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Sonnet 130: My Mistress' Eyes Are Nothing Like The Sun - Poem by William Shakespeare

My mistress' eyes are nothing like the sun;
Coral is far more red than her lips' red;
If snow be white, why then her breasts are dun;
If hairs be wires, black wires grow on her head.
I have seen roses damasked, red and white,
But no such roses see I in her cheeks,
And in some perfumes is there more delight
Than in the breath that from my mistress reeks.
I love to hear her speak, yet well I know,
That music hath a far more pleasing sound.
I grant I never saw a goddess go;
My mistress when she walks treads on the ground.
And yet, by heaven, I think my love as rare
As any she belied with false compare.


Comments about Sonnet 130: My Mistress' Eyes Are Nothing Like The Sun by William Shakespeare

  • Gold Star - 128,580 Points Fabrizio Frosini (4/2/2016 10:03:00 AM)

    in ITALIAN:

    Gli occhi della mia donna non sono come il sole; il corallo è assai più rosso del rosso delle sue labbra; se la neve è bianca, allora i suoi seni sono grigi; se i capelli sono crini, neri crini crescono sul suo capo. Ho visto rose variegate, rosse e bianche, ma tali rose non le vedo sulle sue guance; e in certi profumi c'e' maggiore delizia che nel fiato che la mia donna esala. Amo sentirla parlare, eppure so che la musica ha un suono molto più gradito. Ammetto di non aver mai visto camminare una dea, ma la mia donna camminando calca la terra. Eppure, per il cielo. ritengo che la mia amata si straordinaria come ogni altra donna falsamente cantata con immagini esagerate. (Report) Reply

    21 person liked.
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  • Gold Star - 128,580 Points Fabrizio Frosini (1/25/2016 5:34:00 PM)

    With a deftness of touch that takes away any sting that might otherwise arise from implied criticism of other sonneteers, the poet satirises the tradition of comparing one's beloved to all things beautiful under the sun, and to things divine and immortal as well. It is often said that the praise of his mistress is so negative that the reader is left with the impression that she is almost unlovable. On the contrary, although the octet makes many negative comparisons, the sestet contrives to make one believe that the sound of her voice is sweeter than any music, and that she far outdistances any goddess in her merely human beauties and her mortal approachability.
    shakespeares-sonnets.com/sonnet/ (Report) Reply

  • Veteran Poet - 1,023 Points Reyvrex Questor Reyes (10/10/2015 8:19:00 PM)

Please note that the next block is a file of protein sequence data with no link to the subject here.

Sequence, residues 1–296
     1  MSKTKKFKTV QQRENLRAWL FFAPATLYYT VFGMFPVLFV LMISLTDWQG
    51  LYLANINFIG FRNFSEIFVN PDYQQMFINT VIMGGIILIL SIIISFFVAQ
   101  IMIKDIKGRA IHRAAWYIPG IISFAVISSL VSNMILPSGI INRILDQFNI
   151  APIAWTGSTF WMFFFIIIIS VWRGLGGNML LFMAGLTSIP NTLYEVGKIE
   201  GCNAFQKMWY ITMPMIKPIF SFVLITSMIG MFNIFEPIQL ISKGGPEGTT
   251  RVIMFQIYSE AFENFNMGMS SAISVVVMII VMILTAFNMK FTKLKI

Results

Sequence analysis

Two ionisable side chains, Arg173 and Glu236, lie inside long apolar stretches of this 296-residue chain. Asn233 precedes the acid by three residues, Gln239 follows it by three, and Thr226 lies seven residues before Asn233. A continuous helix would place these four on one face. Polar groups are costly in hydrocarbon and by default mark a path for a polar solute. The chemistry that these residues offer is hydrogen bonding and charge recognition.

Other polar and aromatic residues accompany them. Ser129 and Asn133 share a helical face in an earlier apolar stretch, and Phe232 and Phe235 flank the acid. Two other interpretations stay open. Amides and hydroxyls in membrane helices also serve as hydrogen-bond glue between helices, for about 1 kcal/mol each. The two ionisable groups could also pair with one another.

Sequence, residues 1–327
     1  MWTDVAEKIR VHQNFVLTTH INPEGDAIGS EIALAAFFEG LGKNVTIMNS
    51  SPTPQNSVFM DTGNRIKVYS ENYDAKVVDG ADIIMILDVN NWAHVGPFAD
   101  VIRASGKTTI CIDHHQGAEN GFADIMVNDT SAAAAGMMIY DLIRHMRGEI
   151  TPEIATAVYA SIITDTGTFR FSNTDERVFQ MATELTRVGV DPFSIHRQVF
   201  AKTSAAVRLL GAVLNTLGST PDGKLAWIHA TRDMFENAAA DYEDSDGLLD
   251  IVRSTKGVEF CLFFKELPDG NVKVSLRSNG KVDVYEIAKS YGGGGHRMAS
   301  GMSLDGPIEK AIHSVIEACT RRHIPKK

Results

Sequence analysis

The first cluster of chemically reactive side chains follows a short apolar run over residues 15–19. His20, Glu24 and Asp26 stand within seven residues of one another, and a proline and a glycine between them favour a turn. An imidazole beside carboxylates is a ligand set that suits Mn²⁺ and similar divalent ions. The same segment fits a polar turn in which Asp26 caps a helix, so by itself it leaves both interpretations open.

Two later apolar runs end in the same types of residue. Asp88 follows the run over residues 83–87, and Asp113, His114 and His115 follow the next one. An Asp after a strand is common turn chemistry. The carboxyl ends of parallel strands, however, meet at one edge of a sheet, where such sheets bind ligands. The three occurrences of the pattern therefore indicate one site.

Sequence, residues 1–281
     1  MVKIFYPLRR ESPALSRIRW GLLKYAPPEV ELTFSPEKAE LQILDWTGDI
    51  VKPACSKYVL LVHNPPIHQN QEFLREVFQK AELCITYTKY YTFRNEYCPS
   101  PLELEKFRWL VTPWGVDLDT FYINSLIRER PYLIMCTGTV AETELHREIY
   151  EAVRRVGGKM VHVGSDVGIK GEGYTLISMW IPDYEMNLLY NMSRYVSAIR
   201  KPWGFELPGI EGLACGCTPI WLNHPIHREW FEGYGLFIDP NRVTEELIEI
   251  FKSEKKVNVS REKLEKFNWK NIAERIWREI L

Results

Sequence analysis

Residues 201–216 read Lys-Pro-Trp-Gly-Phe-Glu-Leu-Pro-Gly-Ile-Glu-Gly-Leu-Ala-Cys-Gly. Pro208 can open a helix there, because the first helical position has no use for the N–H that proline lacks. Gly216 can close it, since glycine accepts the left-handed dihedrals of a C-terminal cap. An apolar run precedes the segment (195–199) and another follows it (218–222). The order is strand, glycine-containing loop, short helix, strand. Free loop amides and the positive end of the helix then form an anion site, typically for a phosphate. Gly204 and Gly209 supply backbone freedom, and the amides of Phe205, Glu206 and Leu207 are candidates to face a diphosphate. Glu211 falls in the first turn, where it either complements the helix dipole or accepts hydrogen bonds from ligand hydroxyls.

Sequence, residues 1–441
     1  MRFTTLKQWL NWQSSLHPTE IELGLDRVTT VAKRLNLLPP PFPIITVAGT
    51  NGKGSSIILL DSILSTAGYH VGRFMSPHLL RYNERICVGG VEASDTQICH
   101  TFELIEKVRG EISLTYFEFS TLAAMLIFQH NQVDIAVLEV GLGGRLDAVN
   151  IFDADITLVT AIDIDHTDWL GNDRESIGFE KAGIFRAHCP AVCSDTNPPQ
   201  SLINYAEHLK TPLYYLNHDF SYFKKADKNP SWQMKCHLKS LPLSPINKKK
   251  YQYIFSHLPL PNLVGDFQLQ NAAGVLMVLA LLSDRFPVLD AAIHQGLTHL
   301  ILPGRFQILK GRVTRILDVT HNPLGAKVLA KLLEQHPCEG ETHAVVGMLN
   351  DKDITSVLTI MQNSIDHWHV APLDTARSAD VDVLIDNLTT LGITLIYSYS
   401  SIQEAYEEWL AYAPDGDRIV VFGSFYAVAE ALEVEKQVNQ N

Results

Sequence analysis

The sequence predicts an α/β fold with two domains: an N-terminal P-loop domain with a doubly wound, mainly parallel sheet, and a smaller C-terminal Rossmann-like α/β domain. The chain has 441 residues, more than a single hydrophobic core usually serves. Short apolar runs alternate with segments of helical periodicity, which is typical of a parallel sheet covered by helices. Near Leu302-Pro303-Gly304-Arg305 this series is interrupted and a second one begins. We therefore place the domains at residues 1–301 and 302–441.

Sonnet 130-A

    My love, caress me only with thine eyes,
    And not with hands, so bare, where corn now grows,
    Or call to me as of brisk wind that blows,
    With thy damp breath which always brings the flies;
    Now, pour some Cognac, filled to flowing be,
    Or else, just kiss the brim of my wine cup
    Before you toast, and fully drink it up,
    Oft thou consumes the contents before me,
    Then call me from afar with shrill catcalls,
    To complement thy sharp and pointed claws,
    Which might highlight thine other childish flaws,
    That could explain, to some degree, thy falls;
    ........But mark to Heaven mine love's industry,
    ........That makes up for her lacking artistry. (Report) Reply

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Poems About Simile

  1. 1. Sonnet 130: My Mistress' Eyes Are Nothin.. , William Shakespeare
  2. 2. A Red, Red Rose , Robert Burns
  3. 3. Similes For Two Political Characters Of .. , Percy Bysshe Shelley
  4. 4. Dream Deferred , Langston Hughes
  5. 5. An Emerald Is As Green As Grass , Christina Georgina Rossetti
  6. 6. The Star , Jane Taylor
  7. 7. Similes , Albert Pike
  8. 8. A Simile , Navarre Scott Momaday
  9. 9. The Base Stealer , Robert Francis
  10. 10. An Autumnal Simile , Victor Marie Hugo
  11. 11. To Mr. Edward Howard, On His Incomparabl.. , Charles Sackville
  12. 12. Procemion , Johann Wolfgang von Goethe
  13. 13. The Advice , Thomas Chatterton
  14. 14. The Ghost: Book Iii (Excerpt) , Charles Churchill
  15. 15. Mock Panegyric On A Young Friend , Jane Austen
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